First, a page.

Just before Easter, Frank T. Griswold, whose nine-year term as Presiding Bishop and Primate of the Episcopal Church concluded in November 2006, spent a month with the church in Cuba. His visit was at the invitation of Anglican Bishop Miguel Tamayo and Reinerio Valentin pArce, rector of the Evangelical Theological Seminary in Matanzas.
Photos from Bishop Griswold's trip are available here.
It was a return to Cuba for the 25th Presiding Bishop, who had made a five-day official visit to the island in February 2006. "This was of a different character altogether," he said. "There was time for coming to know the circumstances and ministry of Cuban Christians in a more substantive way."
Bishop Griswold was based at the seminary, where he delivered lectures to the seminary community and taught classes for the Anglican students. He also gave a Lenten retreat for diocesan clergy, preached in several parishes and at the Cathedral in Havana, addressed the Cuban Council of Churches, visited mission projects and met with government representatives for religious affairs.
According to the seminary's rector, the month-long visit was extremely positive for the seminary community. "Exposure to the Christian family from different cultures is invaluable for our students," he said. "Also, our theological tradition is in need of people who have an ecumenical understanding of the mission of the church, which Bishop Griswold brought to us in an engaging and substantive way," he said.
Speaking of what it means to set down the rigors and responsibilities of his office, Bishop Griswold noted that a new chapter for anyone who is called through baptism to live and proclaim the gospel can be a new opportunity for service, and for learning. However, he cautioned that a former Presiding Bishop needs a particular awareness. As he explained: "Once you have served as the Presiding Bishop it is unavoidable that you continue in some sense to carry that sign and symbol, particularly in the broader Anglican Communion. So there must be an awareness of that reality informing what you do and don't do, what you say and don't say."
Accordingly, Bishop Griswold spoke to his successor about his hope of continuing to be "deployed" in some useful way after his term ended. Presiding Bishop Katharine Jefferts Schori expressed her appreciation for his willingness to continue to serve the Episcopal Church and invited Bishop Griswold to lead the church's delegation to the January 2007 conference in South Africa: TEAM - Toward Effective Anglican Mission.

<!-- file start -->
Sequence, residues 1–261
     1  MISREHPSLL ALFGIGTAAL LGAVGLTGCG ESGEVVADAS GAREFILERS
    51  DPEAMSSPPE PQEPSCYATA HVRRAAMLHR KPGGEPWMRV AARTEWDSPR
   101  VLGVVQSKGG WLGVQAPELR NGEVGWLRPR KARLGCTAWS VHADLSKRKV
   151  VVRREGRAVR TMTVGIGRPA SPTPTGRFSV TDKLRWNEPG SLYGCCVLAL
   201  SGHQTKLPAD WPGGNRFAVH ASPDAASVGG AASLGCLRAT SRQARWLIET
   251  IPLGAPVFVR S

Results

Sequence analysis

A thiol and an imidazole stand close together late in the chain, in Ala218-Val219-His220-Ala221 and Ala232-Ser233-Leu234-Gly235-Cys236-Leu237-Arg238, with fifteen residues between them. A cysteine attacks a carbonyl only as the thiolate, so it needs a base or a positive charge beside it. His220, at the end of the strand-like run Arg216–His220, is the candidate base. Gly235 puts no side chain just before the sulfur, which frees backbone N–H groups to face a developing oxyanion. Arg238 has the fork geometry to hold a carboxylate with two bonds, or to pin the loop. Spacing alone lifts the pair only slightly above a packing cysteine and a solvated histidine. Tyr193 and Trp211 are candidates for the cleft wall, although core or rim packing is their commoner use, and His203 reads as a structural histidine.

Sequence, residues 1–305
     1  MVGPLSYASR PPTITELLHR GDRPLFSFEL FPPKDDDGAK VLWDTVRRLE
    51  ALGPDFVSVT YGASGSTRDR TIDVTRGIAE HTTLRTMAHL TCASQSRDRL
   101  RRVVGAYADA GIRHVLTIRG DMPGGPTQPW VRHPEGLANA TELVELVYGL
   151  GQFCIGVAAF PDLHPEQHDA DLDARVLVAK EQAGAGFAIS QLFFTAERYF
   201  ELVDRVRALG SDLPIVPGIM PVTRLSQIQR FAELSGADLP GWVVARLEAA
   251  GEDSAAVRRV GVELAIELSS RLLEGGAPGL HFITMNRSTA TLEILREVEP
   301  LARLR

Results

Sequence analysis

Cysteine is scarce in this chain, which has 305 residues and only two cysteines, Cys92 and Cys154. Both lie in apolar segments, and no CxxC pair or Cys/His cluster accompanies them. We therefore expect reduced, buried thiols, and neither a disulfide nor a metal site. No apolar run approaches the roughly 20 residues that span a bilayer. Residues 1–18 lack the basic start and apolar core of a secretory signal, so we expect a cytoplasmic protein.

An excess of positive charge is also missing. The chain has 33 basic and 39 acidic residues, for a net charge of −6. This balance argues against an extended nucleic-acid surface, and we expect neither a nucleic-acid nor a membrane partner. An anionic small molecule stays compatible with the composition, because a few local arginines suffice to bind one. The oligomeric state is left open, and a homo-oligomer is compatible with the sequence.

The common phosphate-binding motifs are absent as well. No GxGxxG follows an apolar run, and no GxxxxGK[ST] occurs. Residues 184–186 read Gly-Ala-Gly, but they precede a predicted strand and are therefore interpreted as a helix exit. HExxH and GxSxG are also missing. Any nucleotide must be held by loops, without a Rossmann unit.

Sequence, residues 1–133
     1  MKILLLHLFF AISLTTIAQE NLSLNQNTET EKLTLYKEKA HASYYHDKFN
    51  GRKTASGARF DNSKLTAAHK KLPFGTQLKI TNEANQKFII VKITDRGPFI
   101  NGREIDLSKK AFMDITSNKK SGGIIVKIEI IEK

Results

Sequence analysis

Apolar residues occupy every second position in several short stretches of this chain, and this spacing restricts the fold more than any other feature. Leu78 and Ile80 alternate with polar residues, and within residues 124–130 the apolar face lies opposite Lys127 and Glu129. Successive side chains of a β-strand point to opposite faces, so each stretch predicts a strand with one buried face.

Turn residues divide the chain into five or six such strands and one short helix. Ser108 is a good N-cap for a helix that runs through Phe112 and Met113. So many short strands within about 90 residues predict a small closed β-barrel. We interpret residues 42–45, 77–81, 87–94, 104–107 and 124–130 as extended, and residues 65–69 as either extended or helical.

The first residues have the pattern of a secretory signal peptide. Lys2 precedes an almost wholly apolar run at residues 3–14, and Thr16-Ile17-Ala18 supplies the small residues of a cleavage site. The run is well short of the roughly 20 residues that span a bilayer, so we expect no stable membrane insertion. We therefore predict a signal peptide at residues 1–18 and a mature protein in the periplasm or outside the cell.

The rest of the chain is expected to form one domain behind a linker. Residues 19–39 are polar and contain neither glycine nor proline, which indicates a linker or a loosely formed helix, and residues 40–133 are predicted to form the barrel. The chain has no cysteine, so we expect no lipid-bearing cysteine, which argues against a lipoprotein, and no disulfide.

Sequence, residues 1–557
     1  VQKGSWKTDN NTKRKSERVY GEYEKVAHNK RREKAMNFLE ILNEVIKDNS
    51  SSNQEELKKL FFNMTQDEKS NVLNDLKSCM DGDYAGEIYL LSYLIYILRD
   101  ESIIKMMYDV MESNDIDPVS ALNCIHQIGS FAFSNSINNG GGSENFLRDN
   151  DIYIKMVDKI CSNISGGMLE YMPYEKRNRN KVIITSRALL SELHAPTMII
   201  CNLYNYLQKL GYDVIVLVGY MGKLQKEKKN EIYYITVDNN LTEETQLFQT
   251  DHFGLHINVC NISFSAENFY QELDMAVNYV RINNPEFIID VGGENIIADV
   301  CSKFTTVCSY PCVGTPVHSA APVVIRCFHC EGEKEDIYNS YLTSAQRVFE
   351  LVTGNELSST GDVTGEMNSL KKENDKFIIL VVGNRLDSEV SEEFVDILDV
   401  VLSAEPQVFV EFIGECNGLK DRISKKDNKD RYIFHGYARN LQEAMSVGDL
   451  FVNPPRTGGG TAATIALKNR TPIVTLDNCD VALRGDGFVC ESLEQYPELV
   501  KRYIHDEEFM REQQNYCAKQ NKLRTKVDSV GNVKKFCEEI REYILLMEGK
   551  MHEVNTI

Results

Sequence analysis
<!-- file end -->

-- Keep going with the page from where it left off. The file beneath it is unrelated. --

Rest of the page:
Since November 2006 Bishop Griswold has spent much of his time preaching, lecturing and giving retreats in various venues both in the United States and around the Communion. Last autumn he spent a month visiting the Anglican Church of Korea, where he taught at the Sungkonghoe (Anglican) University in Seoul and gave lectures and retreats for clergy and lay leaders. In January he taught a course on Ignatian Spirituality at the Church Divinity School of the Pacific.
He has been invited to deliver the Gore Lecture at Westminster Abbey in late April and in June will spend a week teaching at the Episcopal Divinity School in Cambridge, Massachusetts. This summer a return trip to England is scheduled during which he will give the annual University sermon for St. John Baptist's Day at Magdalen College of Oxford University. Preaching outdoors from an ancient stone pulpit, which some speculate is older than the college itself, will be a particular experience for Bishop Griswold who has a degree in theology from Oxford. While he is in England he will give a retreat for the ordinands of the Salisbury Diocese, preach in Salisbury Cathedral and give an address to the Modern Church People's Union.
"I have always enjoyed the teaching aspect of episcopal ministry," Bishop Griswold said, "and have been pleased to make that something of a focus now that I have an opportunity to make more choices about how I want to direct my attention, and my energies."